ATTACK OF THE CRUSADERS REPULSED - THEY MAKE READY FOR ANOTHER ASSAULT
The fleet was very well prepared and armed, and provisions were got together for the pilgrims. On the Thursday after mid-Lent (8th April 1204), all entered into the vessels, and put their horses into the transports. Each division had its own ships, and all were ranged side by side; and the ships were separated from the galleys and transports. A marvellous sight it was to see; and well does this book bear witness that the attack, as it had been devised, extended over full half a French league.
On the Friday morning the ships and the galleys and the other vessels drew near to the city in due order, and then began an assault most fell and fierce. In many places the pilgrims landed and went up to the walls, and in many places the scaling ladders on the ships approached so close, that those on the towers and on the walls and those on the ladders crossed lances, hand to hand. Thus lasted the assault, in more than a hundred places, very fierce, and very dour, and very proud, till near upon the hour of nones.
But, for our sins, the pilgrims were repulsed in that assault, and those who had landed from the galleys and transports were driven back into them by main force. And you must know that on that day those of the host lost more than the Greeks, and much were the Greeks rejoiced thereat. And some there were who drew back from the assault, with the ships in which they were. And some remained with their ships at anchor so near to the city that from either side they shot at one another with petraries and mangonels.
Then, at vesper time, those of the host and the Doge of Venice called together a parliament, and assembled in a church on the other side of the straits-on the side where they had been quartered. There were many opinions given and discussed; and much were those of the host moved for the mischief that had that day befallen them. And many advised that they should attack the city on another side the side where it was not so well fortified. But the Venetians, who had fuller knowledge of the sea, said that if they went to that other side, the current would carry them down the straits, and that they would be unable to stop their ships. And you must know that there were those who would have been well pleased if the current had home them down the straits, or the wind, they cared not whither, so long - as they left that land behind, and went on their way. Nor is this to be wondered at, for they were in sore peril.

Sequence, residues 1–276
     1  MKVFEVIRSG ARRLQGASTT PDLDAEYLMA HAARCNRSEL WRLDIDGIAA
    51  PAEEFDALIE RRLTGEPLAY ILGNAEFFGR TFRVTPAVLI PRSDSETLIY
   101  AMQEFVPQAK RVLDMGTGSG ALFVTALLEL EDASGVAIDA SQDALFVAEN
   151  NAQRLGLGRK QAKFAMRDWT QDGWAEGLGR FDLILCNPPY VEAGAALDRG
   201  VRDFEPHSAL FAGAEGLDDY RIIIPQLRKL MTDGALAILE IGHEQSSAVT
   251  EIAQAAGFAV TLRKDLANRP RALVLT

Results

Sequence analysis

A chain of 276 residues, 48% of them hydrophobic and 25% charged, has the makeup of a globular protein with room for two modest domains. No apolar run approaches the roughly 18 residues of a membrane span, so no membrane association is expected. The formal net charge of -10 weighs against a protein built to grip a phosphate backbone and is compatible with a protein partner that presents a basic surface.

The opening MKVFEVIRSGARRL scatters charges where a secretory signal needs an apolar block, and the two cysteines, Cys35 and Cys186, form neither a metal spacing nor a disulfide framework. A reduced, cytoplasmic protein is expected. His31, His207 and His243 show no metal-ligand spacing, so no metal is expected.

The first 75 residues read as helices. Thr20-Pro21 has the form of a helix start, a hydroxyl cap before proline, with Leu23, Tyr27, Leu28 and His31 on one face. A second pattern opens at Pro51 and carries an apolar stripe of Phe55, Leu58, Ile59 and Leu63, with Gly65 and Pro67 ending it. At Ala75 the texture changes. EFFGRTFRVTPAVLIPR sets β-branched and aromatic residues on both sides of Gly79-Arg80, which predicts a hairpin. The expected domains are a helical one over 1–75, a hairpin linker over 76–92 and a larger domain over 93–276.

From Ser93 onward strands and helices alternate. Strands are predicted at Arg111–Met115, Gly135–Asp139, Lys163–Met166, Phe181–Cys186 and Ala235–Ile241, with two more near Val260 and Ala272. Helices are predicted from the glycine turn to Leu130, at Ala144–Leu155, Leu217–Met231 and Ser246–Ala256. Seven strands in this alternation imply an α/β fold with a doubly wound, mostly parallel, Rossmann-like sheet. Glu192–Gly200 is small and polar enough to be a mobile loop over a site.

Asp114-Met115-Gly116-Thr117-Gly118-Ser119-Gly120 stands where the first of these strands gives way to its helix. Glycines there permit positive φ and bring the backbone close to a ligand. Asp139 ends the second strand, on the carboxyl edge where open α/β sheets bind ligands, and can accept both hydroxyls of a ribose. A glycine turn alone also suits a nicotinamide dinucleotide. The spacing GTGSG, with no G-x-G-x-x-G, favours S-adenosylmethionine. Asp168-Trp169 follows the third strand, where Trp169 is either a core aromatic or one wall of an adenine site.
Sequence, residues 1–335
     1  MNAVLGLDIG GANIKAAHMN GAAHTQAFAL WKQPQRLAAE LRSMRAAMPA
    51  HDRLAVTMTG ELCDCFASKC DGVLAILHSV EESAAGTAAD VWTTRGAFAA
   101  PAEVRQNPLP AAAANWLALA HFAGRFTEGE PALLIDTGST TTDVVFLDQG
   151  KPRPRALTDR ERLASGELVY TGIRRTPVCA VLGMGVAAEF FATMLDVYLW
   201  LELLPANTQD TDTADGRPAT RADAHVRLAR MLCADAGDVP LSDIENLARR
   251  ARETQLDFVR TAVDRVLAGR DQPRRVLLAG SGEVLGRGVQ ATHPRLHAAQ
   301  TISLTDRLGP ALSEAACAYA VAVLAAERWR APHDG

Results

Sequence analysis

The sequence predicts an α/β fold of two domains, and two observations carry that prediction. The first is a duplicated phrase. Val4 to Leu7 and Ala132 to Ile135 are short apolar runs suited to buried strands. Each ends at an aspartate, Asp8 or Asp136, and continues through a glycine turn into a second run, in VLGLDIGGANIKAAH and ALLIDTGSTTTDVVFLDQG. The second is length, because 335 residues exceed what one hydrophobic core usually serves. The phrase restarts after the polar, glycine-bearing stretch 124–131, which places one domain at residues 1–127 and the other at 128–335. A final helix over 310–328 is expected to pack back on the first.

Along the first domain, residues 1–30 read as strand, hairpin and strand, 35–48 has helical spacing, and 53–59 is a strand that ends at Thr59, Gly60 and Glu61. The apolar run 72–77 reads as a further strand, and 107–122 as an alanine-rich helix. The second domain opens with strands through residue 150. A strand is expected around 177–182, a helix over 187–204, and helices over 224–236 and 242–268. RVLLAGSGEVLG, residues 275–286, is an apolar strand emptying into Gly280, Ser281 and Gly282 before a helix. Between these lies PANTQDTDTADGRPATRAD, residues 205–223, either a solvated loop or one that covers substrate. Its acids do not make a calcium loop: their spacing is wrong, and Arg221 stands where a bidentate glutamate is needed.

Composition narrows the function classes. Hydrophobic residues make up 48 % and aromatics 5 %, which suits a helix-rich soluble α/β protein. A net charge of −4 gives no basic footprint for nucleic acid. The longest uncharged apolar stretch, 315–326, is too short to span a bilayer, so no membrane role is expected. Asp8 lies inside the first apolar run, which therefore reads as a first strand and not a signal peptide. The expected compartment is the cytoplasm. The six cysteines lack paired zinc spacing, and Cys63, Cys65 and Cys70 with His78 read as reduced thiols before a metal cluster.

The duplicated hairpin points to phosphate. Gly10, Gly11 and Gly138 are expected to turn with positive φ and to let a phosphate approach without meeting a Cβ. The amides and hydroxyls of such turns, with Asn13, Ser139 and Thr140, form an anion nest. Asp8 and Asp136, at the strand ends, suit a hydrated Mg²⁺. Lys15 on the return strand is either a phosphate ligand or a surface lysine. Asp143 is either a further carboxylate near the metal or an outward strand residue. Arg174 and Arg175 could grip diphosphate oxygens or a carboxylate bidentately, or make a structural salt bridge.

Enough was there spoken, this way and in that; but the conclusion of their deliberation was this: that they would repair and refit on the following day, which was Saturday, and during the whole of Sunday, and that on the Monday they would return to the assault; and they devised further that the ships that carried the scaling ladders should be bound together, two and two, so that two ships should be in case to attack one tower; for they had perceived that day how only one ship had attacked each tower, and that this had been too heavy a task for the ship, seeing that those in the tower were more in number than those on the ladder. For this reason was it well seen that two ships would attack each tower with greater effect than one. As had been settled, so was it done, and they waited thus during the Saturday and Sunday.